“The lower court’s findings create a legal presumption that any time Republicans pass commonsense election rules that make it harder to cheat, they are invariably discriminatory, but if Democrats do the same, they are not."
NAPLES, Fla. (PRWEB) July 12, 2022
Today, the Foundation for Government Accountability (FGA) filed an amicus curiae legal brief with the United States Court of Appeals for the Eleventh Circuit in support of Florida and its commonsense election integrity law, Senate Bill 90 (SB 90).
FGA asks the Court to reverse the lower court’s ruling which not only struck down three of Florida’s commonsense election reforms but imposed preclearance on the state, requiring Florida to obtain the permission of the federal government for the next 10 years before it may pass election reforms that are otherwise legal. If the ruling is not reversed, Section 3(c) preclearance will become a new legal strategy employed by the Left across the country to oppose any meaningful election reforms designed to prevent election fraud and inspire voter confidence. FGA’s brief notes that Florida’s election reforms “strike a lawful and proper balance between making it easy to vote, but hard to cheat” and argues that it is time for courts to put an end to preclearance, once and for all.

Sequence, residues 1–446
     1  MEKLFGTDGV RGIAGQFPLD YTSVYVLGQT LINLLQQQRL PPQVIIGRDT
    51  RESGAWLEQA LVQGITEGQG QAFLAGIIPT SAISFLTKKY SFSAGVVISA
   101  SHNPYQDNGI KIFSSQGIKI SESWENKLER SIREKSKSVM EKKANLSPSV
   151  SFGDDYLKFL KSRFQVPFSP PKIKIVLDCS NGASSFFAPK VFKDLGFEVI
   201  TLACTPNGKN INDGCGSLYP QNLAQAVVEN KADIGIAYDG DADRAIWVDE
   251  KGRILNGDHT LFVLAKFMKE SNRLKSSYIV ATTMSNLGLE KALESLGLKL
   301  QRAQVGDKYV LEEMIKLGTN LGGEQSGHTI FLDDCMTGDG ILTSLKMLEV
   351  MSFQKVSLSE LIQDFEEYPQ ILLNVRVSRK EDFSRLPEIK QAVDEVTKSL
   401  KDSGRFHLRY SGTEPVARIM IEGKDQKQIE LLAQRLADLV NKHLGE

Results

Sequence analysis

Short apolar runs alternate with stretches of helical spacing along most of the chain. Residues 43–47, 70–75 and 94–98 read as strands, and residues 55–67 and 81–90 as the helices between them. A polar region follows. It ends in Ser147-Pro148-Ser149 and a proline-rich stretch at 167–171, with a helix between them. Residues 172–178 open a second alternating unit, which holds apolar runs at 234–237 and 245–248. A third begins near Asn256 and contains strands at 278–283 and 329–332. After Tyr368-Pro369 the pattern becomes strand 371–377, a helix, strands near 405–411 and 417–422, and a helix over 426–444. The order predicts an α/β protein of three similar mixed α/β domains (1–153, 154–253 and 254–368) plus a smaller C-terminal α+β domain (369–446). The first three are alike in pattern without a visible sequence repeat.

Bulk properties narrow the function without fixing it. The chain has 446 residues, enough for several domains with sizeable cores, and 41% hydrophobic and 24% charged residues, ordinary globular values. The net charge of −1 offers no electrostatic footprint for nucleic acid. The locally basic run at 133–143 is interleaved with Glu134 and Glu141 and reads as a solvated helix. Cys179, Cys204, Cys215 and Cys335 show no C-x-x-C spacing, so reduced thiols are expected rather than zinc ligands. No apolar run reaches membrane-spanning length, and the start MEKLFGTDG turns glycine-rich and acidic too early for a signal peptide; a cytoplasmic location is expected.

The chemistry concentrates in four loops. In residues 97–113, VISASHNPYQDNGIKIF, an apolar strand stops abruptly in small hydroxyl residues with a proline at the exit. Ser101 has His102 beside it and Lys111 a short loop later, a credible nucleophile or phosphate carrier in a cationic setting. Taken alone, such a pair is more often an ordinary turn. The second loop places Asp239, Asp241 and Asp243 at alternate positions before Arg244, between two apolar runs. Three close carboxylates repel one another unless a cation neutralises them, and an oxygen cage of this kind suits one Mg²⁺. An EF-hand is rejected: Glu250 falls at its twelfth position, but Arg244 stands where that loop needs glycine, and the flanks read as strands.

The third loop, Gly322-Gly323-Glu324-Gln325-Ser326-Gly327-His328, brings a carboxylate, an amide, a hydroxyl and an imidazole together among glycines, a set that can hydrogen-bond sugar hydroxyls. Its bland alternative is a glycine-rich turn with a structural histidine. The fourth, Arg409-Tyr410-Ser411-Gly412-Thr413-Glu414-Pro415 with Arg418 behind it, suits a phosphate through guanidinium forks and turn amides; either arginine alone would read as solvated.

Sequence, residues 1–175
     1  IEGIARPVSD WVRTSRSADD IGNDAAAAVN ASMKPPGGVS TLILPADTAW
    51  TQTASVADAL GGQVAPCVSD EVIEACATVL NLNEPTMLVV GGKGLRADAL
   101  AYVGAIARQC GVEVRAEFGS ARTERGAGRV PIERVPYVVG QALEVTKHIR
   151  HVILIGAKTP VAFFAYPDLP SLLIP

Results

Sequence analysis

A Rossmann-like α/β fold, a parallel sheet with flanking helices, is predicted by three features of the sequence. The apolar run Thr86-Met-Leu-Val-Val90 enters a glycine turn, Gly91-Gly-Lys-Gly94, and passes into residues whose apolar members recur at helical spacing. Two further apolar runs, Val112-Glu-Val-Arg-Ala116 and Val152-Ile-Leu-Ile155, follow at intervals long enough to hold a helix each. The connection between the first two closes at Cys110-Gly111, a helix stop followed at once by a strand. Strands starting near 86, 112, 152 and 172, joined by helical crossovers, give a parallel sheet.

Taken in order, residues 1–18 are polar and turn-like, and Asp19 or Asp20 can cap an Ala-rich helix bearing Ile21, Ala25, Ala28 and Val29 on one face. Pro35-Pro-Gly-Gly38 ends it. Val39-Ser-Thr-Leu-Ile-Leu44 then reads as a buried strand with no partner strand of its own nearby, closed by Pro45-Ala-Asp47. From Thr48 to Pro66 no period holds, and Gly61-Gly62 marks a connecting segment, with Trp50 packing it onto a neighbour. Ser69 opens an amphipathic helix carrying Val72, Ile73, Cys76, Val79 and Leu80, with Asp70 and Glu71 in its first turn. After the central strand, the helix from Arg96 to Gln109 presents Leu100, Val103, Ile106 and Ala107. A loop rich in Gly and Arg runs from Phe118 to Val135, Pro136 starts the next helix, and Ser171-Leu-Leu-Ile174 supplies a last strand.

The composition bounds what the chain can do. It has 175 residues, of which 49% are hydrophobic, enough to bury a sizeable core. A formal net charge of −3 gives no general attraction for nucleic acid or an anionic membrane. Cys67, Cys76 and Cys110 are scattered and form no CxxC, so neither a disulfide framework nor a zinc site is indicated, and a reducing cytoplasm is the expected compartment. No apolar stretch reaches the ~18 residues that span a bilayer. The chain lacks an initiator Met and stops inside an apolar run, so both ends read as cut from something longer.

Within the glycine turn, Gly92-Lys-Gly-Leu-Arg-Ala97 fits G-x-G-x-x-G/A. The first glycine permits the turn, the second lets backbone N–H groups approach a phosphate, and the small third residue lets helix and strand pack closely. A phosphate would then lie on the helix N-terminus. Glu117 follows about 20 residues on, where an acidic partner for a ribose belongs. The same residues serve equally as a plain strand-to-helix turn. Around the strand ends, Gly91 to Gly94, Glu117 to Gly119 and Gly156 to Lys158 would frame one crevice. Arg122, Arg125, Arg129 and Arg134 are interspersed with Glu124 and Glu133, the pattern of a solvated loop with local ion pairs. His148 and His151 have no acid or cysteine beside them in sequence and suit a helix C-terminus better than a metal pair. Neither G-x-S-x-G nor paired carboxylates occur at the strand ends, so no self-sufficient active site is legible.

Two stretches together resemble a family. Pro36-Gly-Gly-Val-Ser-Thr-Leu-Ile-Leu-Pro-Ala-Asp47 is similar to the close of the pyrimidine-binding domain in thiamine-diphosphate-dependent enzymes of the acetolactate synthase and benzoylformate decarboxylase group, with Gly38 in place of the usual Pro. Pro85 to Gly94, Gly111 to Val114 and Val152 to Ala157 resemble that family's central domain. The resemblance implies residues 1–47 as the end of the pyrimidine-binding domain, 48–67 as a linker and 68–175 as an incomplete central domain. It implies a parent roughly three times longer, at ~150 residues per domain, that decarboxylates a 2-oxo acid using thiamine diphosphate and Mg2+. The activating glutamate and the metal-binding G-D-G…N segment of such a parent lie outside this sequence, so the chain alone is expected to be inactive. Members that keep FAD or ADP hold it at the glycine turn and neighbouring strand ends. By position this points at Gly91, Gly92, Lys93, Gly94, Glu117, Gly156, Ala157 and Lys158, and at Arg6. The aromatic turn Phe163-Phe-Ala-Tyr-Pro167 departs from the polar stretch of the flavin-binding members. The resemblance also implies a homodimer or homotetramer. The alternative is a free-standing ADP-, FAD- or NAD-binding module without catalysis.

In March, a lower federal court found three reforms in SB 90 to be acts of intentional racial discrimination, placing Florida under the strictures of preclearance. On May 6, the Eleventh Circuit Court of Appeals issued an order halting enforcement of the lower court’s ruling which improperly found those provisions of Florida’s election integrity law to be unconstitutional.
“The lower court’s findings create a legal presumption that any time Republicans pass commonsense election rules that make it harder to cheat, they are invariably discriminatory, but if Democrats do the same, they are not. Such a legal presumption, though certainly beneficial to the Left, could never survive judicial review,” said Madeline Malisa, Senior Policy Fellow.
"In its ruling, the lower court claimed that 'the right to vote, and the VRA particularly, are under siege.' The lower court was wrong,” said Stewart Whitson, Legal Director. “Neither the right to vote nor the VRA are under siege, but rather, it is the equal sovereignty of the states and their right to regulate their own elections in accordance with the Constitution that is under siege. FGA stands ready to continue to help states across the country as they defend their constitutional right to pass commonsense election integrity laws.”
The Foundation for Government Accountability is a non-profit, multi-state think tank that specializes in health care, welfare, work, and election reform. To learn more, visit https://TheFGA.org